Half-asleep, I lay still on my yoga mat. Suddenly, a small voice whispered, “You are seeking approval. Let it go.”

The voice wasn’t like my normal brain chatter. It wasn’t commanding or stern, nor matter-of-fact. This voice was kind and gentle. Familiar.

My heart’s voice.

Yoga allowed my chaotic mind to be silent long enough so my heart could speak up. And when she spoke, she spoke clearly.

I carry that lesson with me to this day. Despite the brain clutter and chaos, my heart has a voice, too. Since that day, I try not to forget to sit still and listen.

 

Upping the Ante by Mary Novaria

“UP THE ANTE ON EXPOSING YOURSELF” was scribbled across the back of page seven.  Oh, I felt plenty exposed already, having dared to share snippets of my fledgling memoir, the quintessential work in progress that was nowhere near finished and, in fact, was scarcely begun. But it’s hard to ignore a command given in all caps and Laura Munson had dared me to bare my soul. She may as well have asked me to go skinny-dipping off the dock. Could I possibly expose myself as audaciously as those geese that declare dawn each day at the ranch? Where, before the moon has even set, they honk and flap and skitter in a vee knowing full well it’s their job to rid the morning fog from the surface of the pond?

I fear exposure. What if I’m exposed as a fraud? Revealed as one who merely pretends to be a writer, but who isn’t one… not really? Beyond the writing, what if I’m exposed as someone who is, well, a rather flawed human?

My mother once asked how it was that I became so close to my best friend. “We got naked together,” I said, meaning we’d bared our souls, shared our secrets, confessed all—especially the not-so-nice things that are unworthy of a Hallmark card. We’d stripped down to the barebones truths and that gave our friendship an authenticity born of trust.

Exposing one’s self can be dirty business. Even if I could spin a fairytale like silk or cloak an adventure in a superhero’s cape, the fabric wears out eventually. Then, there I am with my remorse exposed and the ante upped in stories that are ugly and raw: I slapped my teenage daughter… I was embarrassed by my mother’s dementia… I binged and purged… The truth will be written in drops of blood, for to expose myself is to pierce my heart.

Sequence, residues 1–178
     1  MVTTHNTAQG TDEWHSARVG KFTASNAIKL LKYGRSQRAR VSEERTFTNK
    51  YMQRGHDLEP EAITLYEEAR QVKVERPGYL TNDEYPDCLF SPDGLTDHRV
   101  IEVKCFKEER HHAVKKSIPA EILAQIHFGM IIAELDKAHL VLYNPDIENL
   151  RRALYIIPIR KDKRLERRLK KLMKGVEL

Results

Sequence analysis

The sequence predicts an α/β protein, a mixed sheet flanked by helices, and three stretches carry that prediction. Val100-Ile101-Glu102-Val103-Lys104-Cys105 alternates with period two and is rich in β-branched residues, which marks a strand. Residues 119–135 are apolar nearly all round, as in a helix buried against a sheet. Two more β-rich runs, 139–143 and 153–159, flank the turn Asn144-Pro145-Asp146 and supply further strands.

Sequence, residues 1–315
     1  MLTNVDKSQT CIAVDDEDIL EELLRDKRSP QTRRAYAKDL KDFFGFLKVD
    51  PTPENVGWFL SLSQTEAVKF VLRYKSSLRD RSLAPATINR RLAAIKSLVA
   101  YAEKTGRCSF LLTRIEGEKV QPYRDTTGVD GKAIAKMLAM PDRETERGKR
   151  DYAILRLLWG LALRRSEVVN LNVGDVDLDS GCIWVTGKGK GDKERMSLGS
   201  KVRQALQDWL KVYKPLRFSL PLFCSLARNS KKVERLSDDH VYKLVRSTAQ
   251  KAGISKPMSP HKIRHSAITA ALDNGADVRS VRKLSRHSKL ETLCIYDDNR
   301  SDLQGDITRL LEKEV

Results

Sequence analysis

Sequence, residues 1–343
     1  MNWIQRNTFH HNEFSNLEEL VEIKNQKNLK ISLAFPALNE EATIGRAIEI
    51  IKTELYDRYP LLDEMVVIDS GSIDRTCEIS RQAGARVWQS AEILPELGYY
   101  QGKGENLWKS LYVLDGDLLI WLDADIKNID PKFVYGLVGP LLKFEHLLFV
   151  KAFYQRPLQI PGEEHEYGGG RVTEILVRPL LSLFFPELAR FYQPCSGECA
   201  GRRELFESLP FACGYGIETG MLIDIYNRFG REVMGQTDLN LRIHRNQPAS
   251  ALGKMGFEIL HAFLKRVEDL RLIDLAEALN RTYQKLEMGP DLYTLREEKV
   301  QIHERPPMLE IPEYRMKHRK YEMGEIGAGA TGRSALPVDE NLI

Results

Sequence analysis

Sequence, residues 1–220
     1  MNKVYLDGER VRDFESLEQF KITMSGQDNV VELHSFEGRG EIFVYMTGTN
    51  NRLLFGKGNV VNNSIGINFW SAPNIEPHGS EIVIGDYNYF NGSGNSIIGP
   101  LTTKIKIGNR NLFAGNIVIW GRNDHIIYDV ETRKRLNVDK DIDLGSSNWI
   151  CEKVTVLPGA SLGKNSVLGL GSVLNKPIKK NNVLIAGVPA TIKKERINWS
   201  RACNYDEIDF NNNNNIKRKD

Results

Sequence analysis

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Haven Winter Series # 5

What is inspiring you?  I hope that you can ask, in the dormancy of winter:  what would happen if I took a stand for myself?

This is the fifth in a series of guest posts:   For the last few winters, I’ve offered up my blog as a place for writers to share. I believe in generosity.  I also know how important it is for writers to write.  To that end, I’ve spent a few weeks posting the alive and brave words that people who have come to a Haven retreat are willing to share.  Read these words.  Consider this experience.  Play around in curiosity and wonder.  I hope that my blog will honor all of us who sit in the intersection of heart and mind and craft that is writing.

That’s what I’m doing.  Quietly.  For these weeks.  Please think about taking this time for your heart language.

While I’m focusing on my own writing…this year, I’ve asked Haven alums to write a short piece describing something they learned or a way they were transformed through Haven.  I’ll be sharing two pieces per post over the next couple of weeks.  With huge love to your muse–  Laura

Donna Bunten and Shannon McDonough.

Haven by Donna Bunten